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Merck Kicks off Phase III Trials of Antibody-Drug Conjugate in Various Solid Tumors

NEW YORK – Merck said on Friday that it has begun three Phase III clinical trials of the TROP2-directed antibody-drug conjugate, MK-2870, in certain patients with non-small cell lung cancer and endometrial cancer.

Merck has licensed the antibody-drug conjugate from Kelun Pharmaceutical subsidiary Kelun-Biotech. Under the terms of the deal, Kelun-Biotech granted Merck the exclusive rights to develop, manufacture, and commercialize MK-2870 globally, excluding in Greater China.

In the first Phase III trial, dubbed MK-2870-004, the drugmaker is evaluating MK-2870 versus chemotherapy in patients with previously treated NSCLC whose cancers harbor EGFR mutations or other genomic alterations. The trial, which Merck expects will include 556 patients, is designed to assess patients' progression-free survival and overall survival, among other outcomes.

In another Phase III trial of the antibody-drug conjugate, dubbed MK-2870-007, Merck has begun studying MK-2870 combined with the immune checkpoint inhibitor Keytruda (pembrolizumab) versus Keytruda alone in advanced NSCLC patients whose tumors express PD-L1 with a tumor proportion score of at least 50 percent. MK-2870-007 will enroll an expected 614 patients, and the primary endpoint will be overall survival.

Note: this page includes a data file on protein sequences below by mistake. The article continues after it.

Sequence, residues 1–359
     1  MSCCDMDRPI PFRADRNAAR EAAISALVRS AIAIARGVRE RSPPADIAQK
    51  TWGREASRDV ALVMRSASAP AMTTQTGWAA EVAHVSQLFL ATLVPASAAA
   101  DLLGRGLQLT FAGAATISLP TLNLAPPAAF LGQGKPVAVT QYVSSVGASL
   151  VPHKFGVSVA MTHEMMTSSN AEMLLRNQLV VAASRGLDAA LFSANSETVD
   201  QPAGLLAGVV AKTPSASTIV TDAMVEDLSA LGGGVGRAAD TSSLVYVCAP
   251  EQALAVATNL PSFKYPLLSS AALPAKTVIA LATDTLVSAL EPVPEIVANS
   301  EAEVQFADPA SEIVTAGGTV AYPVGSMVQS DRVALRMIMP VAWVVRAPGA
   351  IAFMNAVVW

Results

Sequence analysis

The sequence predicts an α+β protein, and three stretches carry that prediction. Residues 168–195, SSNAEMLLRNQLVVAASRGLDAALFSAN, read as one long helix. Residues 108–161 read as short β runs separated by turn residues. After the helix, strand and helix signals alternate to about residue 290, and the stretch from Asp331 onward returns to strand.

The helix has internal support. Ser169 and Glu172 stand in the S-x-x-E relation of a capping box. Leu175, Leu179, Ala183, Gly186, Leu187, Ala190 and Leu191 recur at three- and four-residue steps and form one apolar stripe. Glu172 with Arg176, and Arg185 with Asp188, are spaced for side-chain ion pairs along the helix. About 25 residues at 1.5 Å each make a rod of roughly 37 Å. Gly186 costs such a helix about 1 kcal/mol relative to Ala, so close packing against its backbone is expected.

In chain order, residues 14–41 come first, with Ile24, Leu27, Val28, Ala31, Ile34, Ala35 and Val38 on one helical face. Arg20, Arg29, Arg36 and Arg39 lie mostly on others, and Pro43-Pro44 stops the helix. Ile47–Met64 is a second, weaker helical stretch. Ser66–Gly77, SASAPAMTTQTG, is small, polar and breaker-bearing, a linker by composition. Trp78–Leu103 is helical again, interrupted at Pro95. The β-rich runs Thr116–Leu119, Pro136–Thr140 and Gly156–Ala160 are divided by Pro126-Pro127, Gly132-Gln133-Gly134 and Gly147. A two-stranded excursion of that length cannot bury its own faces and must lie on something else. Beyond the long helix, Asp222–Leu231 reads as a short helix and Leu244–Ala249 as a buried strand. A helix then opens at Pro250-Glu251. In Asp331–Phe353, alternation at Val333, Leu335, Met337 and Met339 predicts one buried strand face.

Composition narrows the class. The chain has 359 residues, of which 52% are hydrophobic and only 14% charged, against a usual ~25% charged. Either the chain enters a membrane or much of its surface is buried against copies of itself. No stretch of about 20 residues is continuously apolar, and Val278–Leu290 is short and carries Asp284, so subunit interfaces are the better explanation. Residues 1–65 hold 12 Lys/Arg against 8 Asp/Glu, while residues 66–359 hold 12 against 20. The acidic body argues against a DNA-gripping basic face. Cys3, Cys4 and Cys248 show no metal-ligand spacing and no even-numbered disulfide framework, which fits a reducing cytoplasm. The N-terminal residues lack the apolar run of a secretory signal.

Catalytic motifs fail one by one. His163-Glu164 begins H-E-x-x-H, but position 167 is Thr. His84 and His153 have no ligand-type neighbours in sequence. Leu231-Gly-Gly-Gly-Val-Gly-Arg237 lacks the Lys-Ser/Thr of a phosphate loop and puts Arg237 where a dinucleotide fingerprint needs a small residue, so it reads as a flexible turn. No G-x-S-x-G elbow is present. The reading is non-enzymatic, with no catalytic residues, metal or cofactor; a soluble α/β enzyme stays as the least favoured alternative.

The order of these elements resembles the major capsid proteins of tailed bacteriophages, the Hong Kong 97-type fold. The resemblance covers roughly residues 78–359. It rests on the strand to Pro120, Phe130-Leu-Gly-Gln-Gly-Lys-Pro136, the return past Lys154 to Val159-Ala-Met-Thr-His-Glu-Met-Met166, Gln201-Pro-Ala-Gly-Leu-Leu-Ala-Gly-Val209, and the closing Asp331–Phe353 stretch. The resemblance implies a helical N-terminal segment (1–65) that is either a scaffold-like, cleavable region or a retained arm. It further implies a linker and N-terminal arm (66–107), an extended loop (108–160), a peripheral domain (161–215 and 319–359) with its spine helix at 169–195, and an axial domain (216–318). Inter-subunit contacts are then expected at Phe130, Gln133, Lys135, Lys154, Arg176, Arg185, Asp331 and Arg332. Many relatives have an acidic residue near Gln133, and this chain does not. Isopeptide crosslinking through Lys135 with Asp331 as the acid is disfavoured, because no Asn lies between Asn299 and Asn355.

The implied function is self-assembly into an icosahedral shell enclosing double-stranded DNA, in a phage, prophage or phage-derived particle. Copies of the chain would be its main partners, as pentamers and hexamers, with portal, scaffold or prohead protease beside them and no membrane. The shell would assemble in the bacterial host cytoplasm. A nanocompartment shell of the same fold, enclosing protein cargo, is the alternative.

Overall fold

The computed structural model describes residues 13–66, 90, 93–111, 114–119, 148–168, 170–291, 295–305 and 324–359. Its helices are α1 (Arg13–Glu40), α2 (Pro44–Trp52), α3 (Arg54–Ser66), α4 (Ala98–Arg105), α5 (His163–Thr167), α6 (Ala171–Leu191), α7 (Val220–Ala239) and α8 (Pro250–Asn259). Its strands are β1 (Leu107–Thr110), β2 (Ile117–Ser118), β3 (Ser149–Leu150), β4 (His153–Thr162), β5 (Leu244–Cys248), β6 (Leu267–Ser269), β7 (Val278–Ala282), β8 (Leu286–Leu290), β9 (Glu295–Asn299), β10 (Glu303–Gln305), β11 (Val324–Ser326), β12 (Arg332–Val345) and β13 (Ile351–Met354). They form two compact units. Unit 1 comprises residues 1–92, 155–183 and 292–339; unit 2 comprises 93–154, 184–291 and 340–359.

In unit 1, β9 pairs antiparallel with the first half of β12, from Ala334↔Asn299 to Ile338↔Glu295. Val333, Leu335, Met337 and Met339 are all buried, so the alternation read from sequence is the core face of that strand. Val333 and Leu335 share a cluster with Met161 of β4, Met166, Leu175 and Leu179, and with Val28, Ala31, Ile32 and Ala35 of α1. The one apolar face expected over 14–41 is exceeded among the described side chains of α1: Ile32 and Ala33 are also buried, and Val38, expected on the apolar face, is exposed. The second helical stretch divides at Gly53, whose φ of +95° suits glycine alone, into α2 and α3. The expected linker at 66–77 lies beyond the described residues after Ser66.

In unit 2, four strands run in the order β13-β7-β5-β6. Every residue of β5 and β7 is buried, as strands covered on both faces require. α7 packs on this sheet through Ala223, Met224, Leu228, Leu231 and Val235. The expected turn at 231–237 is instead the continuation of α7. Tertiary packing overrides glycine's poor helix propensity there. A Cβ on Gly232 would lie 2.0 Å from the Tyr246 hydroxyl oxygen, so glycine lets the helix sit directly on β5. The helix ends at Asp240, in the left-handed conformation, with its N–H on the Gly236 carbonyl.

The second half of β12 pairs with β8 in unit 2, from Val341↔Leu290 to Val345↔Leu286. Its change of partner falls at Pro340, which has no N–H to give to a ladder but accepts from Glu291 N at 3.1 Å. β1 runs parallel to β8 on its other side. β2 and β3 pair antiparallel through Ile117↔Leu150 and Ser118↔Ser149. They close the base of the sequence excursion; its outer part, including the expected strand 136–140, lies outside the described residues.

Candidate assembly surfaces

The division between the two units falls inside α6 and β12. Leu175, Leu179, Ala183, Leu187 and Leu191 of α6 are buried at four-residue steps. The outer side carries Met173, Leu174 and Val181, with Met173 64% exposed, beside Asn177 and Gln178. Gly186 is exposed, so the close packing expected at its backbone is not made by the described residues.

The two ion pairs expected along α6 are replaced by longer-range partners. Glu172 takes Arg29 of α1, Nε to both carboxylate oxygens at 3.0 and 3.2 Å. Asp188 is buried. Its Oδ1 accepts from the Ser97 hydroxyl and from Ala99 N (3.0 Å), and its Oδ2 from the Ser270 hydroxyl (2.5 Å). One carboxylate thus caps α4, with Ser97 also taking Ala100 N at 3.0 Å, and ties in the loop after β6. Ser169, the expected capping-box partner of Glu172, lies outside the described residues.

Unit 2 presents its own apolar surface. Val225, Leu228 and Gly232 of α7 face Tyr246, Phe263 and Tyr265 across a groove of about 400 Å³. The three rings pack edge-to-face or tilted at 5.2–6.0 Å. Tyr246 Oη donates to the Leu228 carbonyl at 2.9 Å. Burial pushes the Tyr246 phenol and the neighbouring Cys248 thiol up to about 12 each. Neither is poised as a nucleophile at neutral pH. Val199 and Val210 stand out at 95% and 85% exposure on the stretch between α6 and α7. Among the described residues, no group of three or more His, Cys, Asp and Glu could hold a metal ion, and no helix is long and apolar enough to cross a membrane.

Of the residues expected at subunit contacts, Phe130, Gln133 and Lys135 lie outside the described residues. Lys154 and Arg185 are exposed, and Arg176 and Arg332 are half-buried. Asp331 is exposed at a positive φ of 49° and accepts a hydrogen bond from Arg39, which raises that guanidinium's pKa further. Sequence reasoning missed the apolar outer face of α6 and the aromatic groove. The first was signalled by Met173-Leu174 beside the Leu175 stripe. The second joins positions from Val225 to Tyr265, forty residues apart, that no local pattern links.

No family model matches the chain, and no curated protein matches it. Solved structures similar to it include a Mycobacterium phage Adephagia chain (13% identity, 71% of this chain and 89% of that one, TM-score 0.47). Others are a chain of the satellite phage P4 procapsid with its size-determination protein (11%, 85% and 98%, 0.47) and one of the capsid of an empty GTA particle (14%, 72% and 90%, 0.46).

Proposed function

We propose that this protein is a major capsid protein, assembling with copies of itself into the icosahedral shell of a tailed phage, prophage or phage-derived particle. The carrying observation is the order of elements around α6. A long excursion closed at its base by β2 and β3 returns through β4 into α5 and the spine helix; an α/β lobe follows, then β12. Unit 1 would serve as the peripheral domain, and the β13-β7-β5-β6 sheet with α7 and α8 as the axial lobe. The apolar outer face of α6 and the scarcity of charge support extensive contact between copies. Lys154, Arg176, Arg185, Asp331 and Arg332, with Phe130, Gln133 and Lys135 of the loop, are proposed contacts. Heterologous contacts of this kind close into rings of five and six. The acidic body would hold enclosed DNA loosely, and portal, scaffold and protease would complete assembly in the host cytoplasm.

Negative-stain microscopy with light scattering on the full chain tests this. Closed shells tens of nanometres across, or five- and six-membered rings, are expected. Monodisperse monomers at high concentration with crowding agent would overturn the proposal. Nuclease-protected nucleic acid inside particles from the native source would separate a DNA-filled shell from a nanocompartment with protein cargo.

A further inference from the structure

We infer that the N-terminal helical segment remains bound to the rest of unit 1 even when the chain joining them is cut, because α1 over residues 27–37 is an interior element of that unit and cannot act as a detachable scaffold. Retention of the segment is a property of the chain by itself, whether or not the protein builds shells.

Finally, Merck has started a Phase III trial dubbed MK-2870-005 to evaluate MK-2870 versus chemotherapy in advanced, previously treated endometrial cancer patients. The drugmaker also plans to develop the antibody-drug conjugate as both a monotherapy and combined with Keytruda in solid tumors beyond NSCLC and endometrial cancer.  

Separately on Friday, Merck said that, in partnership with Orion Corporation, it has started evaluating the CYP11A1 enzyme inhibitor MK-5684 in two pivotal Phase III trials, OMAHA1 and OMAHA2a.

The firms are studying the drug, which is also known as ODM-208, in certain patients with previously treated metastatic castration-resistant prostate cancer. In OMAHA1, Merck and Orion are studying CYP11A1 combined with hormone replacement therapy versus either Janssen's Zytiga (abiraterone acetate) plus prednisone or Pfizer and Astellas Oncology's Xtandi (enzalutamide) in mCRPC patients who've received both a prior hormone therapy and chemo. In OMAHA2a, the firms are studying CYP11A1 plus hormone replacement therapy versus the same choice of Zytiga-prednisone or Xtandi in mCRPC patients who've received one prior hormone therapy but no prior chemo. In both studies, Merck and Orion are studying overall survival and progression-free survival according to patients' androgen receptor ligand-binding domain mutation status.